Former UCO official busted in prostitution sting
A former UCO vice president resigned from his current position at the University of Alabama after he was found trying to buy sex work during an undercover prostitution investigation.
Myron Pope, 50, was charged with solitciting prostitution on Feb. 17 when a two-day sting operation lead by the West Alabama Human Trafficking Task Force found him at the site in Northport, AL.
The Associated Press reported Pope used an “app to meet and pay for sex.” He is out on a $1000 bond.
Pope worked at UCO beginning in 2003, serving as the assistant vice president of student affairs, and accepted the role as the vice president of student affairs in 2013. He left UCO a month after former President Don Betz retired in June 2019.
Although the vice president for communications and public affairs said it is “not appropriate for the university or the President to offer [a] comment related to Dr. Pope or the incident that occurred in Alabama,” she did say Pope’s actions did not align with the expectations for the UCO community.
“The university has the expectation that employees and students abide by all state and federal laws. Please refer to the university’s employee handbook and student code of conduct for further information,” Adrienne Nobles said.
In the faculty handbook, chapter 2 section 2.6 defines reasons for the dismissal of faculty members, and that “committing a felony or other serious violation of law that is admitted or proved before a court of competent jurisdiction,” is means for suspension.
The University of Alabama’s employee handbook reads similar,
“Adequate cause to terminate a probationary or renewable contract faculty member before the end of the employment term… [is] when the faculty member engages in behaviors such as the following (this list is not exhaustive)… Conviction of a crime substantially related to the duties and responsibilities associated with teaching, research, or service, or that impedes professional capacities as a teacher, advisor, or researcher/scholar.”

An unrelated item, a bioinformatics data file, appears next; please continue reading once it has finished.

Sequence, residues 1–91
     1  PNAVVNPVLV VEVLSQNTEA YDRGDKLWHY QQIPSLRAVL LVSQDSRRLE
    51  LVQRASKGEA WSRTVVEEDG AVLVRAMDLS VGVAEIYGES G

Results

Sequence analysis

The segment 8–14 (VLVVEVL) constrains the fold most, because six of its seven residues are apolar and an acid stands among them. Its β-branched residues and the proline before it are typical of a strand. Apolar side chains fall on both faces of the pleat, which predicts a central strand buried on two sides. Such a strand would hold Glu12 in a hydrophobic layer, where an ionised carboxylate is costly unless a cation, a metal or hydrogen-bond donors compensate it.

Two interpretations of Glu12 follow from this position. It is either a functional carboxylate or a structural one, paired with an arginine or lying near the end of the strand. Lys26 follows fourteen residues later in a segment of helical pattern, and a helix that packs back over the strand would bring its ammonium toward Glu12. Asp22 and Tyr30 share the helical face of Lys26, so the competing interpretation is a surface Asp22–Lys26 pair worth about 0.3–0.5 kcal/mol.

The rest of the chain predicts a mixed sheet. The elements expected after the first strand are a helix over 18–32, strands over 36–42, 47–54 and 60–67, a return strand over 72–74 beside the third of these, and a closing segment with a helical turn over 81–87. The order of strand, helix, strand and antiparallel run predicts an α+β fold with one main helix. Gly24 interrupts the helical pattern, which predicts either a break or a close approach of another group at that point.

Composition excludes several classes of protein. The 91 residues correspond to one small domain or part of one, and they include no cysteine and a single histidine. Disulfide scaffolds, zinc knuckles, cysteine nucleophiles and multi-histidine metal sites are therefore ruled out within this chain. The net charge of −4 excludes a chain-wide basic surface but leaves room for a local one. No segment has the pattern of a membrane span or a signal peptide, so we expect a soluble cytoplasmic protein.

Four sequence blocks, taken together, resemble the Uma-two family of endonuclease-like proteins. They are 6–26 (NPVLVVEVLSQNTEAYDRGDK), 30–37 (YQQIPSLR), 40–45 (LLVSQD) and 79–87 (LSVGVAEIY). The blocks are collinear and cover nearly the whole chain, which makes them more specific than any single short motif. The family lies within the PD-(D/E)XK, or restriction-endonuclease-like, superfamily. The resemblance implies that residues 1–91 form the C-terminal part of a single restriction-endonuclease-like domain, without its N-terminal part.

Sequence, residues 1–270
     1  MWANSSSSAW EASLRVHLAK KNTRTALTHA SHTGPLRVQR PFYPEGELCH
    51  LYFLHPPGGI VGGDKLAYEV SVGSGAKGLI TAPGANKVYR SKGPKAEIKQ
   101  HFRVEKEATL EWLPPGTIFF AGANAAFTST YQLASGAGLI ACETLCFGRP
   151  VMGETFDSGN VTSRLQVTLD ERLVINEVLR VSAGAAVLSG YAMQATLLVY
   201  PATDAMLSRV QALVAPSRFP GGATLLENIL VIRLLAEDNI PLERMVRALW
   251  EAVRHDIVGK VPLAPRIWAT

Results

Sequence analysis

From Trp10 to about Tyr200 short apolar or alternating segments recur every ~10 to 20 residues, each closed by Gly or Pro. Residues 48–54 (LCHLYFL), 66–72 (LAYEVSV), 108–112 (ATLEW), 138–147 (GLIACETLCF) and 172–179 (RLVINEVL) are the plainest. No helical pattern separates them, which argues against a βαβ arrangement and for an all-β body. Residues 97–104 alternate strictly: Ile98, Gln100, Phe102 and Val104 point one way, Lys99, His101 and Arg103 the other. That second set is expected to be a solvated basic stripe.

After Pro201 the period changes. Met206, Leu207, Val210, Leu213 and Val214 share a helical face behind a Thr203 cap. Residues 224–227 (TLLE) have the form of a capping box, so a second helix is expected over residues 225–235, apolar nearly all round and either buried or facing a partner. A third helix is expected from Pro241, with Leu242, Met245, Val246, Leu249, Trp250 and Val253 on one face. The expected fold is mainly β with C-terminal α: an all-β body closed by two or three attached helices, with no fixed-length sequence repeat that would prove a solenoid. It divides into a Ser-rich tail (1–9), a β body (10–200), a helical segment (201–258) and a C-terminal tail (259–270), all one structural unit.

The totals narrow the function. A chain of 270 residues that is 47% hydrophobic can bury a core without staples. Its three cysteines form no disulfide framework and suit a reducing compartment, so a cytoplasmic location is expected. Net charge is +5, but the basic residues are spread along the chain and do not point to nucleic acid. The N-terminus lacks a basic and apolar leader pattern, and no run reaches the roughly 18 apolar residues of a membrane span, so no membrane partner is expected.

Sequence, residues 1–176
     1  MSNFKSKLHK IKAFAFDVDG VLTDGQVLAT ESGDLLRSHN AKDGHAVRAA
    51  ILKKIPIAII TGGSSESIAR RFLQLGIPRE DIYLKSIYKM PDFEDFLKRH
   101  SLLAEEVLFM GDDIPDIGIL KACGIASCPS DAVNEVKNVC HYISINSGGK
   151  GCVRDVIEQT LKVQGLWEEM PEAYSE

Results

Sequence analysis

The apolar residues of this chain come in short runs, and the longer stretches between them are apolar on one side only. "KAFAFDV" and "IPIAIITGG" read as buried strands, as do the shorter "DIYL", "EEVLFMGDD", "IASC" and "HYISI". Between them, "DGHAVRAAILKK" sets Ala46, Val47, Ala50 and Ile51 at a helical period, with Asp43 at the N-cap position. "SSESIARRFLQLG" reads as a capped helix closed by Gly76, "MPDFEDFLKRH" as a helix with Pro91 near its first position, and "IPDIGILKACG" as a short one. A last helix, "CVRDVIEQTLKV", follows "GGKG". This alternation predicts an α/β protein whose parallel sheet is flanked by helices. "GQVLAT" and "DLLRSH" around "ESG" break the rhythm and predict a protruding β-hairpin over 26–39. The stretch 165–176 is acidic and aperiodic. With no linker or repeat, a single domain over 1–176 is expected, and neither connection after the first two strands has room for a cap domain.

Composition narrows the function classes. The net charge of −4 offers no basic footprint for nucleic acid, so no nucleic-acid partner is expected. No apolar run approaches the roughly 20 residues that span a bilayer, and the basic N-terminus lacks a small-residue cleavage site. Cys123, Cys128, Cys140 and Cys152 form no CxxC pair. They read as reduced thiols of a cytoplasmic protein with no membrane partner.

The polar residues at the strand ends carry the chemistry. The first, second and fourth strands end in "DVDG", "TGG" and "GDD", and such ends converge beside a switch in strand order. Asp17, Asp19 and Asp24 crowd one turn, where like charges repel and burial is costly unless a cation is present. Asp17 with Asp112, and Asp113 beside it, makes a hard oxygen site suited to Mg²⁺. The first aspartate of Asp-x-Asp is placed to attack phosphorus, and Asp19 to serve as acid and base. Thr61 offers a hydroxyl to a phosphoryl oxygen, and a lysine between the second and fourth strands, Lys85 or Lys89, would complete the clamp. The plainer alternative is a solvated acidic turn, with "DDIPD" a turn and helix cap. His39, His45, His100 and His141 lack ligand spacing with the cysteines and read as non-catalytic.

However, it is important to note Pope has not been found guilty of the misdemeanor charge, and was not terminated from his position at the University of Alabama.
In an exclusive statement with the Black Wall Street Times, Pope stated he apologized for the incident.
“I want to apologize for the actions that led to my arrest.
I recognize that I did not live up to my own values, and I let a lot of people down, starting with my family and the students and staff who looked to me as a leader.
I have dedicated my life to serving young people and helping them pursue and achieve their goals.
I can only hope that my story will serve as a cautionary tale for others — one moment of poor judgment can jeopardize everything you’ve worked your whole life for and all that you hold dear.
I want to thank my family and friends for their unwavering support. I’m grateful for God’s grace and forgiveness in the midst of my shortcomings. I hope that in time I can regain the trust of those I love and continue to make a positive impact in the lives of others.”